In order to test the hypothesis that the existence and placement of the dummy root node can have an impact on parsing accuracy, we performed an experiment using two widely used data-driven dependency parsers, MaltParser (Nivre, Hall, and Nilsson 2006) and MSTParser (McDonald 2006), and all the 13 data sets from the CoNLL 2006 shared task on multilingual dependency parsing (Buchholz and Marsi 2006) as well as the English Penn Treebank converted to Stanford dependencies (de Marneffe, MacCartney, and Manning 2006). We created three different versions of each data set, corresponding to the representation types None, First, and Last, and used them to evaluate MaltParser with two different transition systems—arc-eager (Nivre 2003) and arc-standard (Nivre 2004)—and MSTParser with the arc-factored non-projective algorithm (McDonald et al. 2005). The results are shown in Table 1. When creating the data sets, we took the original version from the CoNLL-X shared task as None, because it does not include the dummy root node as an explicit input token. In this representation, the tokens of a sentence are indexed from 1 to n and the dependency graph is specified by giving each word a head index ranging from 0 to n, where 0 signifies that the token is not a dependent on any other token in the sentence. The First version was created by adding an extra token at the beginning of the sentence with index 1 and head index 0, increasing all other token and head indices by 1, meaning that all tokens that previously had a head index of 0 would now be attached to the new dummy root token. The Last version was created by adding an extra token at the end of the sentence with index n+1, and changing every head index that previously was 0 to n+1. In both First and Last, we made sure that the new dummy token had a unique word form and unique values for all other features, so that it could not be mistaken for any real word. For First and Last, we applied an inverse transformation to the parser output before evaluation.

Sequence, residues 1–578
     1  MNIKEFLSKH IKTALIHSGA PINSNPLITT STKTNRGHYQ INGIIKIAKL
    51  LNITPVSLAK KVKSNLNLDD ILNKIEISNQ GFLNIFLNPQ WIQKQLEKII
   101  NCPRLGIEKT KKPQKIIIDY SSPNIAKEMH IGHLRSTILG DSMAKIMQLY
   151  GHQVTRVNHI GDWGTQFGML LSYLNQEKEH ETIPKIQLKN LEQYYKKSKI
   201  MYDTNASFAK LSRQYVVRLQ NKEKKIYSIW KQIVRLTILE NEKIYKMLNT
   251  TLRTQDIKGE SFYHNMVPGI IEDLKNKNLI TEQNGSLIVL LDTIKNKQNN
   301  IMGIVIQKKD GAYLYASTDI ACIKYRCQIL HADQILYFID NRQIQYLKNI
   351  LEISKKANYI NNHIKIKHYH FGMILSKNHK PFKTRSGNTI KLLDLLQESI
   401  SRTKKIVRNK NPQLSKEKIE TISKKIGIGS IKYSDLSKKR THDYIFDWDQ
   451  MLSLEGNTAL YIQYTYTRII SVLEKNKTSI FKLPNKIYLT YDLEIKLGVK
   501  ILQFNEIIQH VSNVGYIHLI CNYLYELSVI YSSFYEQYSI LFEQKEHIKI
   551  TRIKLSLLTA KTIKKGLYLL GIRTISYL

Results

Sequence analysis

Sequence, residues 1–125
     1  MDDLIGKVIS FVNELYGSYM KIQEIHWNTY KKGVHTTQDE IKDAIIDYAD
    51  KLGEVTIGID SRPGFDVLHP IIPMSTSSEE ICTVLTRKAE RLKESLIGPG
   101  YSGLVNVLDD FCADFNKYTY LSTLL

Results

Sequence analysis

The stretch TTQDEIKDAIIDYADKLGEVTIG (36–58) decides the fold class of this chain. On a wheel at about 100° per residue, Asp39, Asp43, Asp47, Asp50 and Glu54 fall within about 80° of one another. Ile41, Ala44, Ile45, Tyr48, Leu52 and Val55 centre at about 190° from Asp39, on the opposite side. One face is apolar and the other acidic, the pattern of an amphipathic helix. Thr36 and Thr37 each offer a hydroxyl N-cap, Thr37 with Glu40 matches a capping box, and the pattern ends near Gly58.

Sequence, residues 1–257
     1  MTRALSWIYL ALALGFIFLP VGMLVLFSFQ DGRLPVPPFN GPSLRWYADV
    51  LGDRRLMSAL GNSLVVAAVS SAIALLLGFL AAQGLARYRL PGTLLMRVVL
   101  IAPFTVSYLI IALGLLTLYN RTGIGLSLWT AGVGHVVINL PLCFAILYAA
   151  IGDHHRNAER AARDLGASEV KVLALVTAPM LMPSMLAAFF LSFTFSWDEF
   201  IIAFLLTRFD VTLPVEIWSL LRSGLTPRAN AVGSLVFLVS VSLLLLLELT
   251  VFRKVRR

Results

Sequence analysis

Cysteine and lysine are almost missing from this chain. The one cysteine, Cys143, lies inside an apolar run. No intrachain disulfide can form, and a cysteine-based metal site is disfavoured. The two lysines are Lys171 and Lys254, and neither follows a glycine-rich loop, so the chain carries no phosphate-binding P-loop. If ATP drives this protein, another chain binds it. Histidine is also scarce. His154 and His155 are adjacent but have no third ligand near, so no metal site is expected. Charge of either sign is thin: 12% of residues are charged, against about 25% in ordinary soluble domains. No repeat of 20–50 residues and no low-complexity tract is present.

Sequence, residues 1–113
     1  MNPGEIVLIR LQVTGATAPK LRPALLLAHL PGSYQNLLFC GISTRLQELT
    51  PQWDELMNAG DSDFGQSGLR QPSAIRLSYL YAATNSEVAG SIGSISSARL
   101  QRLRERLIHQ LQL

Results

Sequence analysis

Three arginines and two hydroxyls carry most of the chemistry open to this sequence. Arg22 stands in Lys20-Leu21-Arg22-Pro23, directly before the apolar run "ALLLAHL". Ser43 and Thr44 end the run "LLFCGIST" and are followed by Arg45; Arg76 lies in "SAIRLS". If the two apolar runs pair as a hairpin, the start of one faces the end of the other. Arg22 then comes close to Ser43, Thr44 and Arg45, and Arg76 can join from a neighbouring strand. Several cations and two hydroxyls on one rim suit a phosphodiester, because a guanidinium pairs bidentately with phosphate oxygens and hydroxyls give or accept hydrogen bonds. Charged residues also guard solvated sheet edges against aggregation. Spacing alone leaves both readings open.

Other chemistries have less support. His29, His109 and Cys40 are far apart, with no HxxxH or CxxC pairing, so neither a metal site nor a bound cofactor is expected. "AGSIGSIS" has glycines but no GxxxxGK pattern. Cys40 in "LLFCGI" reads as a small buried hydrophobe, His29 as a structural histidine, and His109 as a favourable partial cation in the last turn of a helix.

Table 1

Experimental results for arc-eager (AE), arc-standard (AS), and maximum spanning tree parsing (MST) on all the CoNLL-X data sets plus the English Penn Treebank converted to Stanford dependencies with three different dependency graph types (None, First, Last). Evaluation metrics are labeled attachment score (LAS), unlabeled attachment score (UAS), root attachment (or no attachment in the case of None) measured as recall (RR) and precision (RP). Scores in bold are best in their column (per language); scores in italic are not comparable to the rest because of informative arc labels that cannot be predicted with the None representation.